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Texas Biomed welcomes new Assistant Vice President for Research

Amber Mallory, PhD, brings her expertise in biomedical research at the Department of Defense to Texas Biomed in a newly established role for the Institute.

SAN ANTONIO (January 18, 2023) — To help manage expanding scientific faculty, staff and resources, Texas Biomedical Research Institute welcomes Amber Mallory, PhD, as Assistant Vice President for Research Resources & Strategic Initiatives.

Dr. Amber Mallory

“I have always had great respect for Texas Biomed,” says Dr. Mallory, who began mid-January. “Texas Biomed is on the path to go up and up. I am excited to learn from smart and accomplished scientists and support where I can to help the organization succeed.”

Most recently, Dr. Mallory directed trauma and clinical care research for the U.S. Air Force 59th Medical Wing’s Science and Technology Office at Lackland Air Force Base, about 10 minutes down the road from Texas Biomed in San Antonio. She brings a wealth of experience in conducting and managing biomedical research for large organizations, having held research posts at Battelle, Los Alamos National Laboratory, the Food and Drug Administration, the U.S. Navy and the Air Force.

Texas Biomed Executive Vice President for Research Joanne Turner, PhD, is thrilled to be adding Dr. Mallory to her team through the newly created role for the Institute.

“We have oversight of more than a dozen programs at Texas Biomed and this new position will help us give our scientists the full support and attention they need,” Dr. Turner says. “I can’t wait for Dr. Mallory to have a chance to meet with everyone, get to know our culture and help us identify ways we can be more effective.”

At the outset, Dr. Mallory will help oversee Texas Biomed’s Molecular, Microscopy and Biology Core Labs, which encompass shared equipment and research staff. She will also work with the directors of Texas Biomed’s biosafety level (BSL) 3 and 4 labs to support biocontainment research operations.

At the 59th Medical Wing, Dr. Mallory assisted physicians in designing preclinical research studies to, for example, test drugs aimed at reducing inflammation in patients with multiple injuries. She also conducted her own research, which focused on nanomaterials to minimize infection in austere and combat settings.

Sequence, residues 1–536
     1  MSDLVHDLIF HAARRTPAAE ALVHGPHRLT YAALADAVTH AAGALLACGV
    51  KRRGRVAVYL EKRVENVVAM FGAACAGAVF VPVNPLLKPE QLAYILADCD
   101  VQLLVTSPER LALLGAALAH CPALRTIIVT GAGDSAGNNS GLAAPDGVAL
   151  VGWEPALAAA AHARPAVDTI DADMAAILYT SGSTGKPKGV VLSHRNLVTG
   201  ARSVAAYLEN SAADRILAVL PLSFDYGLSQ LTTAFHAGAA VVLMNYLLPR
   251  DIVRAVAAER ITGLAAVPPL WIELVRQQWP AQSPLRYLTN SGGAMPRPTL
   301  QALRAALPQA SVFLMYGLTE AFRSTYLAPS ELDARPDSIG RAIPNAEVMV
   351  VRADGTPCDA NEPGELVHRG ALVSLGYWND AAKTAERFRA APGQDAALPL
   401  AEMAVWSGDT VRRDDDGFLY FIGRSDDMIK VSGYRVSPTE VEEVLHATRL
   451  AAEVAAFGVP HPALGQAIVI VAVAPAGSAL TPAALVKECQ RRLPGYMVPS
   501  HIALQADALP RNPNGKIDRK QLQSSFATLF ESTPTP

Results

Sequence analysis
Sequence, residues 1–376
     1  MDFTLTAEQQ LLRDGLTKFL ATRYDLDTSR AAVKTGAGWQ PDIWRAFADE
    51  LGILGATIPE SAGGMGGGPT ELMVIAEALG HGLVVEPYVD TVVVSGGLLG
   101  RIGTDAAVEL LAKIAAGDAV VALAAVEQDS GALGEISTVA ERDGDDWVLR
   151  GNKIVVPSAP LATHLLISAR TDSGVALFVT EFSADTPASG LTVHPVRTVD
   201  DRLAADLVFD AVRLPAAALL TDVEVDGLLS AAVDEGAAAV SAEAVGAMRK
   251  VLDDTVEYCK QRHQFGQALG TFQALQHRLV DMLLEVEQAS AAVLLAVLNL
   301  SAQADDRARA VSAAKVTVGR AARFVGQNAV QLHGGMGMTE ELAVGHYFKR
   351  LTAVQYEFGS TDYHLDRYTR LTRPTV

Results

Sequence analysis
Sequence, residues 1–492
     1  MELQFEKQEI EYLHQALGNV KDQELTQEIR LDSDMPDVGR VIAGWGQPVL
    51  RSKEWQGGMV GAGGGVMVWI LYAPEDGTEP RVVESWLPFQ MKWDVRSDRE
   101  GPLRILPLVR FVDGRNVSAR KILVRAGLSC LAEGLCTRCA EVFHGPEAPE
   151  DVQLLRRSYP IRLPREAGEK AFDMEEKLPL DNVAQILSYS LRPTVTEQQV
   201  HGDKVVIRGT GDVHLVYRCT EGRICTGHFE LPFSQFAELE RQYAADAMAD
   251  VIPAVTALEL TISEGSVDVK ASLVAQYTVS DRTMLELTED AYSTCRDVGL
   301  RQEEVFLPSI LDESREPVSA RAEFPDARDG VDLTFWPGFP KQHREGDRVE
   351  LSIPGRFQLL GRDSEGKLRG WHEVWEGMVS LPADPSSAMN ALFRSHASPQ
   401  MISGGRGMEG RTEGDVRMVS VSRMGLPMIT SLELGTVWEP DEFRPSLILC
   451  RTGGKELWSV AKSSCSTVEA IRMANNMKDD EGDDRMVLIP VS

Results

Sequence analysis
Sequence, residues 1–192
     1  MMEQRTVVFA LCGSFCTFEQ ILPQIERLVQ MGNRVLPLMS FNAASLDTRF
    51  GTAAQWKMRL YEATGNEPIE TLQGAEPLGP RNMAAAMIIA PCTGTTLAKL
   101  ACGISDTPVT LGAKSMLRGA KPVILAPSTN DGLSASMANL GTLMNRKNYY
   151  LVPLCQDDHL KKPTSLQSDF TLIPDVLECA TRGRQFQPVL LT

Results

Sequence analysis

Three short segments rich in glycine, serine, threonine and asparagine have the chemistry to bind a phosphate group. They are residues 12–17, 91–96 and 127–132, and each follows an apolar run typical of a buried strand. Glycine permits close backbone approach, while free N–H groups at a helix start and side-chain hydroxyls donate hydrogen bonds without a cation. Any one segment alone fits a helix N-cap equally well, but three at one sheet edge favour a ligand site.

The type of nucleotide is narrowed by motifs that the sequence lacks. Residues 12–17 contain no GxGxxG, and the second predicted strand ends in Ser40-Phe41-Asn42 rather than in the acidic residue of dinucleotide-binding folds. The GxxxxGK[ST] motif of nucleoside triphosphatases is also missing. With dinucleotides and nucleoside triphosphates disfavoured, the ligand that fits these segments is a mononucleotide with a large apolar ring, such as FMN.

An Ohio native, Dr. Mallory’s scientific path began on a peach farm. The organic movement was exploding as she grew up and sparked her curiosity about the pesticides her family used. She enjoyed studying chemistry and biology while playing Division 1 volleyball for Youngstown State University. She earned a master’s degree in microbiology at Texas Tech, focusing on environmental toxicology. After working in high biocontainment labs at Battelle for several years, she went on to complete her PhD from The Ohio State University in Integrated Biomedical Sciences, specializing in immunology, toxicology and nanomaterials. Specifically, she studied quantum dots, air pollution and zeolites, a group of porous materials that can be modulated for drug delivery and other applications. Her research demonstrated that silver nanoparticles embedded in a type of zeolite showed antimicrobial properties.

She was interested in a career in the civil service and completed postdocs specifically in government labs, including Los Alamos National Laboratory in New Mexico and the FDA in Washington, DC.

“I always wanted to work for the government and give back to the country in some way, that was important to me,” she says.

Dr. Mallory made the move to San Antonio in 2013 to join the scientific team at The Henry M. Jackson Foundation for the Advancement of Military Medicine. There, she led mercury abatement research for the Navy. That led to opportunities to oversee research for the military as a civilian scientist. She directed combat casualty care and operational medicine research for the Navy, and then directed trauma and clinical care research for the Air Force.

She regularly interacted with private, academic and industry sectors while at the 59th Medical Wing; one day, she received a cold call to collaborate with a company working on zeolites.

“It was my PhD mentor,” she says. “They had gone on to refine the zeolite compound that showed antimicrobial properties and patent it.”

When the COVID-19 pandemic began, Dr. Mallory received two grants to study different disinfection strategies in military settings, including one of those zeolite compounds. She immediately reached out to Texas Biomed to partner on the research. She worked with Professors Jordi B. Torrelles, PhD, and Luis Martinez-Sobrido, PhD, and postdoctoral scientist Israel Guerrero, PhD, to evaluate how well the compound neutralized SARS-CoV-2 on a variety of surfaces, from tabletops to clothes.

That was such a positive experience that when the opportunity arose to join Texas Biomed full time, Dr. Mallory did not hesitate to apply.

“Research is a tiny sliver of the DOD’s mission,” Dr. Mallory says. “I love research and am looking forward to being in an organization wholly dedicated to research.”